Date of Award

2021

Document Type

Dissertation

Degree Name

Doctor of Philosophy

College

College of Education and International Services

Program

Curriculum and Instruction PhD

First Advisor

Anneris Coria-Navia

Second Advisor

Jerome Thayer

Third Advisor

Heather Ferguson

Abstract

Purpose

The complexity of preparing students for clinical practice and the mitigating factors that influence pedagogical preferences impact the current realities of health professional education. The purpose of this quantitative, correlational study is to explain the relationships between faculty preferences and student preferences for active over traditional methods and their beliefs, the frequency and positiveness of their experiences, and the amount and extent of the knowledge or training they have had regarding active and traditional teaching methods. Results may further inform and refine health professional education infrastructure changes to support faculty in pedagogical change as they prepare students with the higher-order thinking skills needed for clinical practice in the workforce setting.

Method

This study used regression and correlation to analyze Doctorate of Physical Therapy, graduate Communication Sciences and Disorders, and undergraduate nursing faculty and student data. Analyses were conducted on faculty and students as a whole, by program, and type of course to determine any group differences. Pearson r correlations were computed to determine the strength and direction of the relationships between the variables for both faculty and student data. A regression analysis was used to determine the smallest meaningful combination of independent variables (faculty and student beliefs toward active over traditional, positive faculty and student experiences with active over traditional, more frequent faculty and student experiences with active over traditional, and student knowledge of and faculty training in active over traditional methods) which predicted student or faculty preferences for active over traditional methods.

Results

Strong positive relationships exist between faculty preference for active over traditional methods and the frequency of their experiences, the positiveness of their experiences, and their beliefs toward active learning methods. A 2-variable model reveals a combination of more frequent faculty experiences with active over traditional methods and positive faculty experiences with active over traditional methods predicting 86.1% (R2 = .861, p = .036) of the variance of faculty preferences for active over traditional methods. More frequent faculty experiences uniquely predict 26.0% and positive faculty experiences with active methods uniquely predict 2.25% of the variance in faculty preferences for active over traditional methods. Strong positive relationships are found between student preferences for active over traditional methods and their knowledge of active methods, their beliefs toward active over traditional methods, and the positiveness of their experiences with active over traditional methods. The 3-variable model reveals a combination of student knowledge, student beliefs, and positive student experiences with active over traditional methods predicting 72.5% (R2 = .725, p < .001) of the variance in student preferences for active over traditional teaching methods. Student knowledge about active over traditional methods uniquely predicts 16.0%, student beliefs toward active over traditional methods uniquely predicts 7.2%, and positive student experiences with active over traditional methods uniquely predict 2.3% of the variance in student preferences for active over traditional methods. There are minimal group differences for faculty and students when examined by the program (DPT, CSD, and BSN) and type of course (introductory or advanced).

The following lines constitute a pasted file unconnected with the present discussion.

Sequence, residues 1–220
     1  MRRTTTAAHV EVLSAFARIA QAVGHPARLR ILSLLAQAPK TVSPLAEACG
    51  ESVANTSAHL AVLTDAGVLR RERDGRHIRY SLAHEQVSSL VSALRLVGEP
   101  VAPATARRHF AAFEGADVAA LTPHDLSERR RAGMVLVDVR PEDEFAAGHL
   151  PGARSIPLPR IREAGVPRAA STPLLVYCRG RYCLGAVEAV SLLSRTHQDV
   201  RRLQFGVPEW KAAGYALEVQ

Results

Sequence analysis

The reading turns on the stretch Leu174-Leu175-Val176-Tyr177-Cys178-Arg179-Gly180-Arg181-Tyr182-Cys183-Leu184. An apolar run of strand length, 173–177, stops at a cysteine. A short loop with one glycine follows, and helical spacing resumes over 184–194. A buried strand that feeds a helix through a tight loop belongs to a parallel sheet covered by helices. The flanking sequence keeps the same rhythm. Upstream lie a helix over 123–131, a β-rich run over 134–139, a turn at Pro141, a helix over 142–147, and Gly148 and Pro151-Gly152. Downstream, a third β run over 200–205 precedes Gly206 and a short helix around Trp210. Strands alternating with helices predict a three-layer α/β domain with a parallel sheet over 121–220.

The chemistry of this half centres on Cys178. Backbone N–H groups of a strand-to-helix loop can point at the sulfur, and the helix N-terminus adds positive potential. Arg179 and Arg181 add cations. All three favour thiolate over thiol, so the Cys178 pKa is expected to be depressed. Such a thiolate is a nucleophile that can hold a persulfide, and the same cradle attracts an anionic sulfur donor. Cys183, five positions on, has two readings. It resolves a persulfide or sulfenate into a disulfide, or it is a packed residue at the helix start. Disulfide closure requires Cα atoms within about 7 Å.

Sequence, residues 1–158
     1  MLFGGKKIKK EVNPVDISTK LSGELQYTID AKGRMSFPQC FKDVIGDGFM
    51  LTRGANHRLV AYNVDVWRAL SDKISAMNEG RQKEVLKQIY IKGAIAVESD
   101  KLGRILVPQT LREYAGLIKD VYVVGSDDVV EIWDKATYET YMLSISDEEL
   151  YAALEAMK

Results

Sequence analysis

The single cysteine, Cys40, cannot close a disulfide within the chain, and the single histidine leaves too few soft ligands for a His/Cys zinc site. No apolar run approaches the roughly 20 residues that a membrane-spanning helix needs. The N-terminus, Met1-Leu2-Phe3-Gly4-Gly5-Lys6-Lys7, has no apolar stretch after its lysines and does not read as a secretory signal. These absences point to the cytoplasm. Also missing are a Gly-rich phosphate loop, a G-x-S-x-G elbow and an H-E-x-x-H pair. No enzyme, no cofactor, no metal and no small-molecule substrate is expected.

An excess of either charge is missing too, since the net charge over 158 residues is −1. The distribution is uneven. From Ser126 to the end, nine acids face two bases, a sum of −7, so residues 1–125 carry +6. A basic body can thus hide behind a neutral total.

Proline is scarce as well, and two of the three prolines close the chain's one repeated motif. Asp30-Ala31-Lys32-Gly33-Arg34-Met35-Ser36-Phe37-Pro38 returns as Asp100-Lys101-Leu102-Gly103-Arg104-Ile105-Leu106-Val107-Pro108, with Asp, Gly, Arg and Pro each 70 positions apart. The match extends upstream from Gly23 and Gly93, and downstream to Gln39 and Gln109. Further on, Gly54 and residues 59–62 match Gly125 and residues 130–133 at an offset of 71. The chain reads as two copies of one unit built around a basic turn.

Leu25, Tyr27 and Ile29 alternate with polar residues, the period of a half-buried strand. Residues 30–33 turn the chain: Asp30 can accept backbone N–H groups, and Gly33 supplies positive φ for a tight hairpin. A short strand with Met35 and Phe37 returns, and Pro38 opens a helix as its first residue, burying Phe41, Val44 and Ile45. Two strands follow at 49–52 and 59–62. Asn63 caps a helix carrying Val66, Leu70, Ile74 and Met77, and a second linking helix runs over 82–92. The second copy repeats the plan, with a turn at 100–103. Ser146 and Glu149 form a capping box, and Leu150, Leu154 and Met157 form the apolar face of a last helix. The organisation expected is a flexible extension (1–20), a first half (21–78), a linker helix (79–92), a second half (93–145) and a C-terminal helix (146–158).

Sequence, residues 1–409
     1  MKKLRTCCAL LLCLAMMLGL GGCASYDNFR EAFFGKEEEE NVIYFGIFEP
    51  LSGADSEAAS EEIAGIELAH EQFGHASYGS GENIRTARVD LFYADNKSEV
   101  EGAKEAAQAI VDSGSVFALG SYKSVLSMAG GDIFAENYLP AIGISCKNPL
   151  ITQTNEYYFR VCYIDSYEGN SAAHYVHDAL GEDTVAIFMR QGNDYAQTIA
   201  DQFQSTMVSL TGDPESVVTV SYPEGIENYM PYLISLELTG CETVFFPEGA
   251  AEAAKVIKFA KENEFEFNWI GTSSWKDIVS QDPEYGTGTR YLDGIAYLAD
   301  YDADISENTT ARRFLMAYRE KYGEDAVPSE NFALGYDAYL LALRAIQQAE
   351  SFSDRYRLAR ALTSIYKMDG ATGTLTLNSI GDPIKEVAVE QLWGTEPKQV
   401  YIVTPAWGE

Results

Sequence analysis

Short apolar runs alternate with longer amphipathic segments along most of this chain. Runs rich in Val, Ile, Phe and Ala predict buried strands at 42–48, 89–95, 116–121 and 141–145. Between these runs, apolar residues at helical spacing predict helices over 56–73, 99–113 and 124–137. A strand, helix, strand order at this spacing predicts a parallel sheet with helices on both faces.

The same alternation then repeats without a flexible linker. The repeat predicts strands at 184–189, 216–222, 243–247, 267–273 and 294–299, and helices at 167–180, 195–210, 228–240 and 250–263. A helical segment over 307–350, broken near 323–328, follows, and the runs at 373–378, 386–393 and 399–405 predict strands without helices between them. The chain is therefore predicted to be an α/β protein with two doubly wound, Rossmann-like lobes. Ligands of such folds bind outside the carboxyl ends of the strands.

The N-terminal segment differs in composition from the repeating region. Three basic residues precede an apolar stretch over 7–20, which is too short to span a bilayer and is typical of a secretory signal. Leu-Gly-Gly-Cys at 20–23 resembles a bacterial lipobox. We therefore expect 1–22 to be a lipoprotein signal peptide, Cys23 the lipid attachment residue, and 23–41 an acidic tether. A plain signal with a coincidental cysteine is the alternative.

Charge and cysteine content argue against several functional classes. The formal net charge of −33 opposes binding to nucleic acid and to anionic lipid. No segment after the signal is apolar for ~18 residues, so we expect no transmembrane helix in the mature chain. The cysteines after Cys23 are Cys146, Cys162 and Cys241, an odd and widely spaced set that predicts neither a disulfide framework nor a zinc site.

Conclusions

The study demonstrates differences between the variables predicting faculty and student preferences for active over traditional methods. The independent variable, which uniquely predicts the most significant variance in faculty preference for active over traditional methods, is more frequent faculty experiences (26%). In comparison, student knowledge of active methods (15.8%) is the independent variable that uniquely predicts the most variance in student preference for active over traditional methods. More frequent faculty experiences with active over traditional methods provide faculty with repeated experiences to develop and create learning activities and assessments as they gain confidence as experts in delivering content effectively through active learning methods. As faculty have more time to revise their courses and demonstrate more confidence with active methods, students perceive the competence and provide more positive course feedback (Andrews & Lemons, 2015; Grunspan et al., 2018; Oleson & Hora, 2014; Sinclair & Osborn, 2014). When students know more about the expectations of active learning methods and how the methods benefit their learning, they prefer active methods over traditional methods (Tharayil et al., 2018). The results contribute to the current body of research and inform health professional education programs with recommendations that influence pedagogical change and support faculty and students. Supported faculty and knowledgeable students create a culture, which prepares students adequately for clinical practice, higher-order thinking skills, and workforce expectations.

Subject Area

Effective teaching--Methodology; Medical education; Medical personnel

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